•  Summary 
  •  Actions 
  •  Committee Votes 
  •  Floor Votes 
  •  Memo 
  •  Text 
  •  LFIN 
  •  Chamber Video/Transcript 

A10008 Summary:

Add Art 13 13-101 & 13-102, Energy L
Relates to establishing a renewable hydrogen incentive and financing program to engage stakeholders to design and implement a competitive program for renewable hydrogen production for the purpose of meeting the state's clean energy and greenhouse emissions reductions targets.
Go to top

A10008 Memo:

submitted in accordance with Assembly Rule III, Sec 1(f)
  TITLE OF BILL: An act to amend the energy law, in relation to establishing a program for eligible renewable hydrogen   PURPOSE OR GENERAL IDEA OF BILL: This legislation would create a credit for hydrogen produced in New York State using renewable energy in order to further the state's clean ener- gy goals.   SUMMARY OF PROVISIONS: Section 1: Amends the Energy Law by adding a new Article 13. Article 13 defines "Eligible Renewable Hydrogen" and "Eligible Curtailed Renewable Hydrogen" in order to develop a Renewable Hydrogen Incentive and Financ- ing Program administered by the New York Energy Research and Development Authority. Section 2: Effective Date.   JUSTIFICATION: New York continues to lead the nation in the development of a 100 percent renewable energy economy with the recently enacted Climate Lead- ership and Community Protection Act. As the state works to find alterna- tives to fossil fuels, New Yorkers deserve a system that provides good paying jobs, system reliability, and flexibility. Renewable hydrogen is an emerging technology with the potential to unlock a number of benefits for the residents of this state. This legislation would provide the foundation for renewable hydrogen technology to be developed in New York. Hydrogen, the most abundant element in the universe, provides the abili- ty to store energy for later use, heat buildings, fuel electric vehi- cles, and enable industries which rely on extreme temperatures to oper- ate without fossil fuels. New York has ambitious goals related to energy storage, efficiency, transportation electrification, and job growth, all of which will need aggressive and multifaceted approaches to meet. Several markets around the world have begun to recognize the role of hydrogen in a green economy, including the Orkney Islands in northern Scotland. In the Orkney Islands, hydrogen produced by wind turbines and wave ener- gy is used in several ways (1). It is stored to be converted to elec- tricity when the wind doesn't blow, it is used in electric vehicles that run on hydrogen fuel-cells (producing no tailpipe emissions besides water and oxygen), and it has the potential to reduce "industrial heat emissions ... especially in situations where the flame needs to come into direct contact with the material being produced, such as in furnaces (2)." Hydrogen, which is inherently expensive to produce (although prices are falling as technology improves (3)), was attractive in the Orkney Island thanks to an abundance of clean energy. According to the BBC, "winds, waves and tides generate about 130% of the electricity its population needs - all of it from clean sources." Hydrogen is already being consid- ered by several utilities serving New York, including National Grid (See report from National Grid in PSC Case 19-G-0678), as an alternative fuel source and energy storage technology. Likewise, Plug Power, a hydrogen fuel cell company based in Latham, New York, is using hydrogen to fuel forklifts, delivery vehicles, and backup power systems. In New York, transmission issues have created a situation where clean energy located upstate often fails to be delivered downstate due to congestion along the interconnections. According to the New York Inde- pendent System Operator (NYISO), in 2019, "nearly 90% of the energy produced in upstate New York already is derived from carbon-free resources" while "70% of the energy produced to serve   downstate load is derived from fossil fuels (4)". Wind energy resources in New York are being curtailed as a result of the transmission issue, whereby turbines are "disconnected" from the energy grid to ensure the system is not overloaded. According to the National Grid report, converting power to renewable hydrogen "can drive more investment in renewable electricity by increasing utilization of those assets and addressing the biggest weakness of solar and wind: intermittency and storage. Rather than being curtailed during cool and sunny days or windy nights, solar and offshore wind could be converted to hydrogen ... effectively storing that energy in the form of chemical bonds." This legislation would create a Renewable Hydrogen Incentive and Financ- ing Program administered by the New York Energy Research and Development Authority that would support hydrogen produced from renewable energy sources. Hydrogen created by fossil fuels would be ineligible for this program. The program would value hydrogen created using curtailed energy at a higher rate to ensure New York is capturing all of the renewable energy created within its borders. (1) https://www.bbc.com/future/article/20190327-the-tiny- islands-lead- ing-the-way-in-hydrogen-power (2) https://www.carbonbrief.org/ccc-progress-on-low- carbon-hydrogen- must-begin-now-in-uk (3) https://www.forbes.com/sites/kensilverstein/2020/02/06/ the-cost-to- produce-and-distribute-hydrogen-from-clean- energy-will-plummet/ 52d405485897 (4) https://www.nyiso.com/documents/20142/2223020/2019- Power-Trends-Re- port.pdf/0e8d65ee-82 Oc-a718-452c-6c59b2d4818b?t=1556800999122   PRIOR LEGISLATIVE HISTORY: None.   FISCAL IMPLICATIONS FOR STATE AND LOCAL GOVERNMENTS: None.   EFFECTIVE DATE: Immediately.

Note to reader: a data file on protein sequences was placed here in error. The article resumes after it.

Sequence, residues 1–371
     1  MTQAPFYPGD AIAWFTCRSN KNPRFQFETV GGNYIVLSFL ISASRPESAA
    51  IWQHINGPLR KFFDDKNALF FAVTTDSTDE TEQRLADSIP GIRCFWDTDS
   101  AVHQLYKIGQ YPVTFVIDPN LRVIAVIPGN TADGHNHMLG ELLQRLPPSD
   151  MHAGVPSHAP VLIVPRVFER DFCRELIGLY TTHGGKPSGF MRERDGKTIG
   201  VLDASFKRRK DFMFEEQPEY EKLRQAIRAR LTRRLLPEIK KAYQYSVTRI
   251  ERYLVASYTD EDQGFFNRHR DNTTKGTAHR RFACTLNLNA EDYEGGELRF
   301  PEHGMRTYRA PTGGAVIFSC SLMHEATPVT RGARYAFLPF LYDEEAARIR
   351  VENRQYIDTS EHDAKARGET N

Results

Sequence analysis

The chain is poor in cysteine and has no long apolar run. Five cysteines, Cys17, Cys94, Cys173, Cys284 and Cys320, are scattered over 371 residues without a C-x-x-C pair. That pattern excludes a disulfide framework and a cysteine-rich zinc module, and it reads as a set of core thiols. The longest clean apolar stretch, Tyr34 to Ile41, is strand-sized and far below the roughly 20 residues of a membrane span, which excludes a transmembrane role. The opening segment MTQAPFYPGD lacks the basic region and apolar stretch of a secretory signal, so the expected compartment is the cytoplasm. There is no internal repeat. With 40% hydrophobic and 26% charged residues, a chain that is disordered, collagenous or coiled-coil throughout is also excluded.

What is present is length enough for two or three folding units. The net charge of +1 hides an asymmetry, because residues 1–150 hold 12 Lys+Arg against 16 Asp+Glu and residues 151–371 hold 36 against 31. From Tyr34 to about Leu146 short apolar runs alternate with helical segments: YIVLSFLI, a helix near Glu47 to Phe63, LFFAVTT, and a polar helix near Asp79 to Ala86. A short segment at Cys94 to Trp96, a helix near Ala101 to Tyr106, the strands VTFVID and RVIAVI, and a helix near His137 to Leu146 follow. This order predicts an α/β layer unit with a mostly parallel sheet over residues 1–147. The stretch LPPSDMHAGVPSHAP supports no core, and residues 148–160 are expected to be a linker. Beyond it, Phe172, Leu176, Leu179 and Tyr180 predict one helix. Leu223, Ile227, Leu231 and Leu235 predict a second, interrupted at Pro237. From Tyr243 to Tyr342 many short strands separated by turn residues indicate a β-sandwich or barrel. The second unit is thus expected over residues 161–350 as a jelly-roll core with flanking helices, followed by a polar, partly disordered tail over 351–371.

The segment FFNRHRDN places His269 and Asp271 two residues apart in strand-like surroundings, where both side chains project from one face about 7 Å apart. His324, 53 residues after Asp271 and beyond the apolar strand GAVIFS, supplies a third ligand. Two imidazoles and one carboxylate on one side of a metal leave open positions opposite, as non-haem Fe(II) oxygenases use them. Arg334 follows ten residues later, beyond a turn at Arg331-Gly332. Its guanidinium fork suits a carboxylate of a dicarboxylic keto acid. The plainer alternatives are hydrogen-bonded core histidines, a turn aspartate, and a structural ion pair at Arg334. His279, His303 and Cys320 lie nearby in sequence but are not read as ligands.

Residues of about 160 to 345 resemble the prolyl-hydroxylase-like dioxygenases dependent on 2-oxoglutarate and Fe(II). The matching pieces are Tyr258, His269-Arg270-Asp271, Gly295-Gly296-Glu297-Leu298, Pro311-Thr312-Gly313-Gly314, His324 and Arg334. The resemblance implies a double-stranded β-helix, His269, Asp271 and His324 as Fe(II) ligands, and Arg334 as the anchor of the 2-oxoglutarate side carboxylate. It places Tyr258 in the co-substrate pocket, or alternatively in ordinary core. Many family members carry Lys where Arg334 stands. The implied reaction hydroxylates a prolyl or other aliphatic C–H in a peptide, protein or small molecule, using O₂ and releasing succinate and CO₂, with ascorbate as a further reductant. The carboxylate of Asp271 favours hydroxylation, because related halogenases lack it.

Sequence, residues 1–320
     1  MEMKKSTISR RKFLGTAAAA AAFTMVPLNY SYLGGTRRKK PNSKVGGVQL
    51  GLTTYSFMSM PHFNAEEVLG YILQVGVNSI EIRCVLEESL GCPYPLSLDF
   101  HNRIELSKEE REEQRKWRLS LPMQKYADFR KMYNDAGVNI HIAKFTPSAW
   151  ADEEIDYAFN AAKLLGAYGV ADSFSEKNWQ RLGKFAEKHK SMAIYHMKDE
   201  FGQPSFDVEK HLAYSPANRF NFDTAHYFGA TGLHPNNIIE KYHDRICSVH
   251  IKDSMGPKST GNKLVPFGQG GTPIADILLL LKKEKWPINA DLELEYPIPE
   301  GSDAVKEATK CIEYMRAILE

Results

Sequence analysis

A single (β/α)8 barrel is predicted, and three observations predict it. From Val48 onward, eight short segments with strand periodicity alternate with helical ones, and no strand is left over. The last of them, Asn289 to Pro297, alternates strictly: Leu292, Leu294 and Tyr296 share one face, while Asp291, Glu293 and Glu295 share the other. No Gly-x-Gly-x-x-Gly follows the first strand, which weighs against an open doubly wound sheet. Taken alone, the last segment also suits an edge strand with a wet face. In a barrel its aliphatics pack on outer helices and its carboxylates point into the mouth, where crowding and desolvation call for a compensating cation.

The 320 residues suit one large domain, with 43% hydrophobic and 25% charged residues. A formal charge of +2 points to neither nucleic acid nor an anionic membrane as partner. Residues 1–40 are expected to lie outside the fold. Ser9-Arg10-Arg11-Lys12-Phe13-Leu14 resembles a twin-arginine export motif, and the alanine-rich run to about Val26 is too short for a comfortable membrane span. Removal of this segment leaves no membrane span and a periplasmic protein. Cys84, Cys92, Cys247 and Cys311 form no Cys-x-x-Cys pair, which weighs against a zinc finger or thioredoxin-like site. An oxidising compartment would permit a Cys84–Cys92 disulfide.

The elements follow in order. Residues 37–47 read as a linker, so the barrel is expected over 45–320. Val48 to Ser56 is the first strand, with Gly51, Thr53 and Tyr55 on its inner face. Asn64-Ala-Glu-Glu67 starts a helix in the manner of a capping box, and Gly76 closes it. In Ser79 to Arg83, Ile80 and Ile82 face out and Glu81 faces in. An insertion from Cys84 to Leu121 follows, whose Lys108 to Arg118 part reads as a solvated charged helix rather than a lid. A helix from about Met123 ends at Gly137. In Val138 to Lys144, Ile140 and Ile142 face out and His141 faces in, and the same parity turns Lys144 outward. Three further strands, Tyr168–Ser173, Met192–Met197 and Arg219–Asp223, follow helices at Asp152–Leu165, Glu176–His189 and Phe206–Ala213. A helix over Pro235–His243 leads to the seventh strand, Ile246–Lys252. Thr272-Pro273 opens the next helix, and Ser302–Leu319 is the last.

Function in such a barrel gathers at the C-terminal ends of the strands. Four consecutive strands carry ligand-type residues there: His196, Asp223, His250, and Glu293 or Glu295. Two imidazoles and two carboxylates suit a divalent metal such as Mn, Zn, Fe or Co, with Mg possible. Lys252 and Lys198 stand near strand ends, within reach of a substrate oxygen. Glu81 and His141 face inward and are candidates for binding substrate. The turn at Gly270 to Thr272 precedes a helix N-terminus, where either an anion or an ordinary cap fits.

Go to top